Copenhagen Infrastructure Partners (CIP), a Danish renewables giant, has announced ambitious plans to develop a massive green hydrogen production hub in South Australia’s Eyre Peninsula.
The project, known as Evergreen, aims to integrate approximately 14 GW of solar and wind capacity along with 7 GW of hydrogen electrolysis capacity, totaling a staggering $30 billion investment. The development will contribute significantly to Australia’s renewable energy landscape, supporting the transition to a cleaner and more sustainable future.
Evergreen is set to include around 4 GW of solar power, a remarkable 10 GW of onshore wind farms, and 7 GW of hydrogen electrolysis capacity. The project area encompasses the region between the Spencer Gulf and the Great Australian Bight, with the Gawler Ranges to the north. CIP’s Vice President, Matthew Stuchbery, shared that Evergreen is part of their extensive 30 GW development pipeline in Australia, which also includes the advanced Murchison Renewable Hydrogen Project in Western Australia.
Stuchbery emphasized the importance of community engagement in the project’s development. CIP has been actively collaborating with farmers and traditional owners for over a year to address their concerns and aspirations. The goal is to ensure that the project aligns with local interests while delivering substantial renewable energy benefits. The proposed development encompasses approximately 1600 turbines and a proportional solar capacity to balance the energy mix.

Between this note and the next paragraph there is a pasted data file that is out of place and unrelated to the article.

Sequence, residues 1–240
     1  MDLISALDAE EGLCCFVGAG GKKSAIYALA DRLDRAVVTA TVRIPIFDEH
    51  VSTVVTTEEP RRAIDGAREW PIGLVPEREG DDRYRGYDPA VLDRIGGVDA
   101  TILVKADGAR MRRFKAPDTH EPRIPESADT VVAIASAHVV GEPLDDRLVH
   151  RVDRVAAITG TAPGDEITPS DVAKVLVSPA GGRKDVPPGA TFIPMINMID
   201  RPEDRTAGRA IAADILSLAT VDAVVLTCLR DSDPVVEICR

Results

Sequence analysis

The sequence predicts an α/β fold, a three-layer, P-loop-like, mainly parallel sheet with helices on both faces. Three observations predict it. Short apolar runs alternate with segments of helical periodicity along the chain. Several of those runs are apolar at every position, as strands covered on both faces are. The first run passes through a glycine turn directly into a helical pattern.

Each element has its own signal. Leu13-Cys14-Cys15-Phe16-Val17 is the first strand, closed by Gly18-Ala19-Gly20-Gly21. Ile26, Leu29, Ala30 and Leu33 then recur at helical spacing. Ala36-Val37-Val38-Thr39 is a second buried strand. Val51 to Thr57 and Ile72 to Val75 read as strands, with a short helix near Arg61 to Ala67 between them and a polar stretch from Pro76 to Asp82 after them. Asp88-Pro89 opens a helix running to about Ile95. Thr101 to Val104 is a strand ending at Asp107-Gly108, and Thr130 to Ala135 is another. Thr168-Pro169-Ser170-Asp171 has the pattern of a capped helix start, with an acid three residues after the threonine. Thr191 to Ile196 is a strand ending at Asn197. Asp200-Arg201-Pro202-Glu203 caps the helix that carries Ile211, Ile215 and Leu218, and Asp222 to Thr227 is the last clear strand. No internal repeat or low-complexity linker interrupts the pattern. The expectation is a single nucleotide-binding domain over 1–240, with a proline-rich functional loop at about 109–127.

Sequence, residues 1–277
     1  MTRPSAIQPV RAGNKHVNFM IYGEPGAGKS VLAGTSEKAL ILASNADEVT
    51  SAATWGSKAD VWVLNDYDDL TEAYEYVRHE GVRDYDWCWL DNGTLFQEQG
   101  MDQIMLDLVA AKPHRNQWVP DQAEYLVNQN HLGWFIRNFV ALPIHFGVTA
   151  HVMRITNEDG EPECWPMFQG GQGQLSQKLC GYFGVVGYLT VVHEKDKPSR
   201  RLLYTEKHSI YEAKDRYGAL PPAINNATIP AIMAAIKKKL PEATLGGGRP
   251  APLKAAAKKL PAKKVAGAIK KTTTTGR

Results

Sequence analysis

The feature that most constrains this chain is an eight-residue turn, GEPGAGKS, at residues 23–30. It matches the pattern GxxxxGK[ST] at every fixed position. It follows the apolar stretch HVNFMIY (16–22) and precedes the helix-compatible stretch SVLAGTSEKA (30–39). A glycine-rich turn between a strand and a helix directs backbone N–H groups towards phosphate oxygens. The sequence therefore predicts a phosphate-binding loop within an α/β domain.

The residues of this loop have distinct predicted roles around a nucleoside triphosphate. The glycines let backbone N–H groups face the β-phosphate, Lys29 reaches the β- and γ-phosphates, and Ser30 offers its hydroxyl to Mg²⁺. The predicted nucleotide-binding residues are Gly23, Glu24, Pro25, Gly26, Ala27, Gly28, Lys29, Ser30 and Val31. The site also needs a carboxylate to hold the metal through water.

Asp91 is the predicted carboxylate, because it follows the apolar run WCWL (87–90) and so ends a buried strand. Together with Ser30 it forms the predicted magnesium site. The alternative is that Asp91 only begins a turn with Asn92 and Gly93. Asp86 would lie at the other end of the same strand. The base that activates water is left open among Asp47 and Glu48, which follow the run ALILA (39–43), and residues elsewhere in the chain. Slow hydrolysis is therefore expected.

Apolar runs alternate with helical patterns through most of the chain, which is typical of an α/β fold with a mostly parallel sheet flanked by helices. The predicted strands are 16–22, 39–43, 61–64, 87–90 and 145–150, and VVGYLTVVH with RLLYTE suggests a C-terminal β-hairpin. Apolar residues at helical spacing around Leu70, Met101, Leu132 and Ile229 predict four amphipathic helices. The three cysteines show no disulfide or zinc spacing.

The chosen locations for the wind and solar components of Evergreen have been strategically identified. Crown Land near Iron Knob, northwest of Whyalla, offers vast pastoral stations and relatively flat terrain, making it ideal for wind energy. Stuchbery commented that the entire region is suitable for solar installations. For the hydrogen aspect, Whyalla is a focus area where CIP will compete for space with other major players like Fortescue and Total.
Stuchbery highlighted the critical role of competitive electricity prices in achieving cost-effective hydrogen production. Before proceeding with the project, CIP plans to install measurement masts to gather accurate data. This will allow them to assess the viability of competitive hydrogen production based on the electricity prices in the region.
In addition to engaging with farmers and traditional owners, CIP aims to involve the broader community in discussions regarding the project’s potential impact and benefits. The Eyre Peninsula holds significance as the traditional home of the Barngarla, Nauo, and Wirangu peoples, and CIP is committed to respecting Native Title rights and fostering a collaborative approach.
CIP’s announcement coincides with the South Australian government’s release of plans to accelerate the development of hydrogen and renewable energy projects in the state. Through a streamlined regulatory process, the government aims to facilitate the efficient development of large-scale wind and solar farms and commercial hydrogen production projects.
The Australian federal budget has also allocated $2 billion for green hydrogen projects, with further commitments expected to enhance Australia’s competitiveness in the global hydrogen market. Stuchbery welcomed these developments and emphasized the need to capitalize on Australia’s competitive advantages to drive the growth of the green hydrogen industry.
Looking ahead, Stuchbery emphasized the importance of strengthening and aligning approval processes across the country to facilitate the construction of renewable energy projects. Addressing supply chain constraints is another critical aspect for large-scale projects like Evergreen and Star of the South. Stuchbery called for a comprehensive assessment of onshore capabilities and supply chain capacity to ensure the successful realization of these ambitious ventures.